Seeing the World Through the Stereoscope

slide for a stereoscope

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Seeing the World Through the Stereoscope


The Stereoscope ( is an object that allows a person to view a picture in a three dimensional perspective. It does this by placing two nearly identical pictures side by side, about two inches apart from each other. Then as you look through the lens of the stereoscope each eye sees only one of the pictures and this makes it seem as though it is 3D. It was invented by Dr. Charles Wheatstone in England in the year 1838. However the stereoscope we acquired at the History Harvest was a Holmes stereo viewer which is the more modern version created by Oliver Holmes around the year 1881.

In 1851 Queen Victoria had mentioned her interest in the stereoscope at the Crystal Palace Exhibition ( This soon brought much popularity to the object, especially in America. Once it had became more popular in America companies started to manufacture them and soon much of the middle class in the United States enjoyed the luxury of the stereoscope. In the early 1900’s it also became a tool used in education and was used in public schools.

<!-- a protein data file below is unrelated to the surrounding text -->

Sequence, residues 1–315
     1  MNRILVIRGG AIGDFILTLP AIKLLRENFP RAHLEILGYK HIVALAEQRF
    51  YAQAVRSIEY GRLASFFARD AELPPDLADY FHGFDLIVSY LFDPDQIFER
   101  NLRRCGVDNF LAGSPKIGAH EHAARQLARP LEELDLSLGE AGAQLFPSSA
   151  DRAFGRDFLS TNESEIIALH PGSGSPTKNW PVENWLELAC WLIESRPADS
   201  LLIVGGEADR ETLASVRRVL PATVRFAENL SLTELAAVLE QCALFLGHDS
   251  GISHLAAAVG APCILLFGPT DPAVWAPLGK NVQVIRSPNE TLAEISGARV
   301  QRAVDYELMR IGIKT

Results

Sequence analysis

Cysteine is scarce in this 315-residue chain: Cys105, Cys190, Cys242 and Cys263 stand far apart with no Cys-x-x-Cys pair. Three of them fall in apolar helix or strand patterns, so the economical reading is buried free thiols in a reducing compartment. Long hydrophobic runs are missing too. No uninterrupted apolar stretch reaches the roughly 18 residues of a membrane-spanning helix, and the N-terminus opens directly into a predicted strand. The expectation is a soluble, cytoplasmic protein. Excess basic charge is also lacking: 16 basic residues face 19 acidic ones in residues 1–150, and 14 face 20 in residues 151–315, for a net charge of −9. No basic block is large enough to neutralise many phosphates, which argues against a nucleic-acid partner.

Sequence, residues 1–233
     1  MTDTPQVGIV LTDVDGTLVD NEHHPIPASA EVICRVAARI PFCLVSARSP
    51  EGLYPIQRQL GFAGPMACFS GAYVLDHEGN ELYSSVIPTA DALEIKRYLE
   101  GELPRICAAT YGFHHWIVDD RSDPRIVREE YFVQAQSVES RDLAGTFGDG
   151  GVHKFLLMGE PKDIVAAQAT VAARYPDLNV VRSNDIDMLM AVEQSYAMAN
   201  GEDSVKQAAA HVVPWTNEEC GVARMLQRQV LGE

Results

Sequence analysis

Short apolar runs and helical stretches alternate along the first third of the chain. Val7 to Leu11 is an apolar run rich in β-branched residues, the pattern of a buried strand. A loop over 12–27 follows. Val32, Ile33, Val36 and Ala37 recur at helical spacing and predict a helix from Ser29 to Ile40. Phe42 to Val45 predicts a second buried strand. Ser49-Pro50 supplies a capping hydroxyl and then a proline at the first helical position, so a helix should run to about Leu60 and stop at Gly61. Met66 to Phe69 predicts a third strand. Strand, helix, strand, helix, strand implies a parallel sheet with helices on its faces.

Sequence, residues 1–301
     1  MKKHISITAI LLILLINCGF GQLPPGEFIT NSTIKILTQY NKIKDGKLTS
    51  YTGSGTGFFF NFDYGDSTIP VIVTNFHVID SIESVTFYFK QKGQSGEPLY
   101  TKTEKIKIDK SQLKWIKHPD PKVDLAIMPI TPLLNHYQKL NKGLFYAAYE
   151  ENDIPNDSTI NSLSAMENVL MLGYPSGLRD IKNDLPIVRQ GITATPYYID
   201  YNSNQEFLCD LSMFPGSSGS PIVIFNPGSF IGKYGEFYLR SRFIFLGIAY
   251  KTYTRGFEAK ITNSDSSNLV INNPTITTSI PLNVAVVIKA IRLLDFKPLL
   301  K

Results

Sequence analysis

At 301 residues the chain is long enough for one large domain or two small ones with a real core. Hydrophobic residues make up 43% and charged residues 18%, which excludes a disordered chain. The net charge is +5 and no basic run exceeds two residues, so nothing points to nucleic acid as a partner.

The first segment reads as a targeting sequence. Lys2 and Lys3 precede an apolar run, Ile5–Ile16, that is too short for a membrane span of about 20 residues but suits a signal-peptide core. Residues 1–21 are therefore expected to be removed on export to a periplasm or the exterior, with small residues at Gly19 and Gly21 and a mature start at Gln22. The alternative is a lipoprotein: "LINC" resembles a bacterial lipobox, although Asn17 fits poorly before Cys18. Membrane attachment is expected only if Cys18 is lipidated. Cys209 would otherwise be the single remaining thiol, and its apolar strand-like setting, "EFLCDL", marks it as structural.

The specific stereoscope that we received at the history harvest is believed to be brought from Germany even though their family has lived in Arnaudville ( for many years now. She had acquired it from her late husband's side of the family who were German. They had owned the stereoscope for as long as they could remember. It was passed down for a generation or two so we are not really sure how old it is or when it was bought.



“Seeing the World Through the Stereoscope,” History Harvest of Louisiana French-Speaking Heritage, accessed August 22, 2017,


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